Thursday, August 5

Organized crime leaves at least 14 dead in various colonies of Reynosa


State police agents guard the area where an armed commando murdered several people this Saturday, in the city of Reynosa (Mexico).
State police agents guard the area where an armed commando murdered several people this Saturday, in the city of Reynosa (Mexico).José Martínez / EFE

Armed men who were traveling in several cars have spread terror this Saturday afternoon in Reynosa (Tamaulipas), distributing shots left and right to end the lives of at least 14 people. The first shots rang out in the Almaguer neighborhood, where seven people fell dead. They were at an address on one of the avenues in that area. The same armed group soon after assassinated a man in the Obrera neighborhood, according to local newspapers, some of which raised the death toll to 30. They later killed the owner of a grocery store, where the shots also hit a customer. In the Bienestar neighborhood, they ended the lives of three other people, who were opposed to leaving the van in which they were traveling, according to the newspaper Reform. The confrontation with police forces left another person lifeless. Some reports indicate that the clashes with the agents resulted in more deaths.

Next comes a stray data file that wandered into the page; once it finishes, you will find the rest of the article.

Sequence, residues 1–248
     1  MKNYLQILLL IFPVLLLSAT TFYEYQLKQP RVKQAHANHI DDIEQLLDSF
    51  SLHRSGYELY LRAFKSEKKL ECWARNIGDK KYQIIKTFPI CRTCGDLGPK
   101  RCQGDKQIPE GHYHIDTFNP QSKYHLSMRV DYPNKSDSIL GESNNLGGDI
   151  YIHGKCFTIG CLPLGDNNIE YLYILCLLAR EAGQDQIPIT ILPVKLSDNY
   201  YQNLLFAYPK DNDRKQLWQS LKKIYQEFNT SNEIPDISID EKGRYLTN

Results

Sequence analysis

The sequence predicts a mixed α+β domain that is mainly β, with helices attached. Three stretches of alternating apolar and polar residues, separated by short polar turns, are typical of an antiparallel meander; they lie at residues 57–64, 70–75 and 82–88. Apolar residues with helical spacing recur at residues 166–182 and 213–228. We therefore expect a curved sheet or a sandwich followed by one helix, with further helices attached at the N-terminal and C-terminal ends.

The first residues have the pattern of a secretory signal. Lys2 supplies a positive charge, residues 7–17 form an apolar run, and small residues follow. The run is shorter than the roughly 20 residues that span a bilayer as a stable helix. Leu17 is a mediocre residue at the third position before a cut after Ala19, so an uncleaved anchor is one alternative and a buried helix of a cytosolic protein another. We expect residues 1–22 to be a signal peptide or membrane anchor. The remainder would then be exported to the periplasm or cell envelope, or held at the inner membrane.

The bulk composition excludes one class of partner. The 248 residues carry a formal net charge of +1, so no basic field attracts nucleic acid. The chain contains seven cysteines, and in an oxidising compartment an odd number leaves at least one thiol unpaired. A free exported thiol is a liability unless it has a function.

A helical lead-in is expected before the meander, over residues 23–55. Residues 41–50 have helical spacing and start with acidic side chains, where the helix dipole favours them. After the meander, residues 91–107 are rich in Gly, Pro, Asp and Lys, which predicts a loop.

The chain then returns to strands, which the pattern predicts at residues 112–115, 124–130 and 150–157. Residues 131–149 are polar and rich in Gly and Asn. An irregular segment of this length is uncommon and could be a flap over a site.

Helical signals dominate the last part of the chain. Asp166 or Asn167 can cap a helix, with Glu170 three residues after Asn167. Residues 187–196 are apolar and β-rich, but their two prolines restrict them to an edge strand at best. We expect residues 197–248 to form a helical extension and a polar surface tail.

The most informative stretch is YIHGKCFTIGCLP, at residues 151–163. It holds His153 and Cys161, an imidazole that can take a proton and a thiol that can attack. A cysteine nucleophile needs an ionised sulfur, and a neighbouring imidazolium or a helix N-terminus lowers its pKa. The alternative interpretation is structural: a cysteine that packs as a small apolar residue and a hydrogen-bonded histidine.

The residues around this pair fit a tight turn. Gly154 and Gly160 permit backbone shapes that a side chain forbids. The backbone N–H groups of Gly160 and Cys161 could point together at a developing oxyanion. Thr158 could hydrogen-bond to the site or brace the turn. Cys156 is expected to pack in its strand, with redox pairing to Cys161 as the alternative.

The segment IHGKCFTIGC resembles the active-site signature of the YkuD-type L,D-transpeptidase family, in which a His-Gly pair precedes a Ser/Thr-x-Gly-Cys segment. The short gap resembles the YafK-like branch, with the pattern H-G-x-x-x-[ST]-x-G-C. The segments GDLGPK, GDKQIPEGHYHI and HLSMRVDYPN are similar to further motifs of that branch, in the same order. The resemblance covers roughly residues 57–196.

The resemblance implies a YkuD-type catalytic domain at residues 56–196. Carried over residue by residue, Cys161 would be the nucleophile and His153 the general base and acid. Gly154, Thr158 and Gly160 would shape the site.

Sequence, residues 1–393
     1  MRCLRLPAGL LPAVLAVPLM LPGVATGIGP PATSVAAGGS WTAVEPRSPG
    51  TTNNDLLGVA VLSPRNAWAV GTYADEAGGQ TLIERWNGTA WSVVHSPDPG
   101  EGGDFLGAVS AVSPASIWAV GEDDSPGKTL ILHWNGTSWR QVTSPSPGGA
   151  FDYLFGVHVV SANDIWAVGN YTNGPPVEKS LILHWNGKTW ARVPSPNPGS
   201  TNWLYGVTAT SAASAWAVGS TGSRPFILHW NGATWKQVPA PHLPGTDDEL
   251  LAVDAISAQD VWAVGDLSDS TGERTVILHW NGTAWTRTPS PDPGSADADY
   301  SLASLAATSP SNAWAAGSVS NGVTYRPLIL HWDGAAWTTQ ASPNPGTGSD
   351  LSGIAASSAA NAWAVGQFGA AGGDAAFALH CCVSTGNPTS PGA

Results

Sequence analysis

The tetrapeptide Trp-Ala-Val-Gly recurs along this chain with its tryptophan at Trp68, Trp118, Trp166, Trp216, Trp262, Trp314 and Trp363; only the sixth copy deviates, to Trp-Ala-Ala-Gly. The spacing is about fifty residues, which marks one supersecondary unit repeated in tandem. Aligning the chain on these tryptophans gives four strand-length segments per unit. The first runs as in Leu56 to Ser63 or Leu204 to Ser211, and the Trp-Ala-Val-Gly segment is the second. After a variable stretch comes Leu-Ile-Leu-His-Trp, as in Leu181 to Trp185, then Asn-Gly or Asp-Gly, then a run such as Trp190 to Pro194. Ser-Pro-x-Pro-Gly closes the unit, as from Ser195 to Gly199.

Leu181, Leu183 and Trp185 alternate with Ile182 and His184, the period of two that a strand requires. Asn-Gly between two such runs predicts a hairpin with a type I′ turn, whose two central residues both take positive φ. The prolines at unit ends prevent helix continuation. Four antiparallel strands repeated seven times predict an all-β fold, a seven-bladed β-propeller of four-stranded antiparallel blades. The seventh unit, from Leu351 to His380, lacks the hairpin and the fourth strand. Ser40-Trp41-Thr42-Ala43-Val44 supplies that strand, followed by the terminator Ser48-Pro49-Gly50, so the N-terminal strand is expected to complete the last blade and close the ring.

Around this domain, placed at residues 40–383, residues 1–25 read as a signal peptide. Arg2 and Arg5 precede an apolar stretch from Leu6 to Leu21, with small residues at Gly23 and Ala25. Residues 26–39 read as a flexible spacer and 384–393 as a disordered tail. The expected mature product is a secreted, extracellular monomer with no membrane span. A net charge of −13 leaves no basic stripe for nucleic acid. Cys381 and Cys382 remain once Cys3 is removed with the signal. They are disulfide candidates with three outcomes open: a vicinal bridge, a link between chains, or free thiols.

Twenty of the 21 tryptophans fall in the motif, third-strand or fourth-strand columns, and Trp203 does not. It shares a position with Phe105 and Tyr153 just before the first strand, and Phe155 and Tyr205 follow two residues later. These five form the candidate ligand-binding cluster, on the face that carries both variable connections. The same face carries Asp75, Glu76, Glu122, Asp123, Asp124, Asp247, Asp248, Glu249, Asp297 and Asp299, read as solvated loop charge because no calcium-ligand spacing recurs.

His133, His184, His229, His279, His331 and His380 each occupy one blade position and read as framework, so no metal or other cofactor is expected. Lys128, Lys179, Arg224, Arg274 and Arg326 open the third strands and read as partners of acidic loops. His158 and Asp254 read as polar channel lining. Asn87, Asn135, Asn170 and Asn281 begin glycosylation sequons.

Finally, the police stopped a car whose driver was carrying two women in the trunk and seized several vehicles and two weapons. In addition, the Government of Tamaulipas reported this Sunday that four armed civilians who “participated in the killings of 14 people in different neighborhoods of the city of Reynosa” were located and that, after a confrontation with the police, they died. “The individuals resisted and attacked police personnel, who repelled the attack,” they reported in a statement.

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Reynosa at times becomes a lawless city. Bordering the United States, the economy flows in huge trailers from one side to the other, but it is also a land besieged by the dark businesses of drug trafficking. It is the passage of immigrants, who become easy prey of organized crime, which subjects them to kidnappings in exchange for the little money they have when their lives do not end in a massacre that shakes the foundations of the country, as happened with the 72 of San Fernando (2011) or the 19 Guatemalans burned in Camargo in February. There are several cartels that move in the State.

This Saturday, the weapons rang again in Tamaulipas, leaving a number of bodies still to be determined. To which we must add another three in previous days, who were found at different points, two men and a woman with obvious signs of criminal violence.

Tamaulipas is going through a political crisis that lasts for months, after the governor, Francisco García Cabeza de Vaca, barricaded himself at the government headquarters to prevent the arrest dictated by a judge in a money laundering process. The United States has also requested his arrest, which is opposed by the State Prosecutor’s Office. Although at the moment a federal judge has given him the provisional suspension of the arrest warrant, the matter continues to await a final judicial resolution. In full elections, the president of Morena, Mario Delgado, denounced through social networks that men with long weapons had intimidated them when he was traveling with other politicians in a van through Matamoros. “We regret the situation of violence in this state,” he said then.

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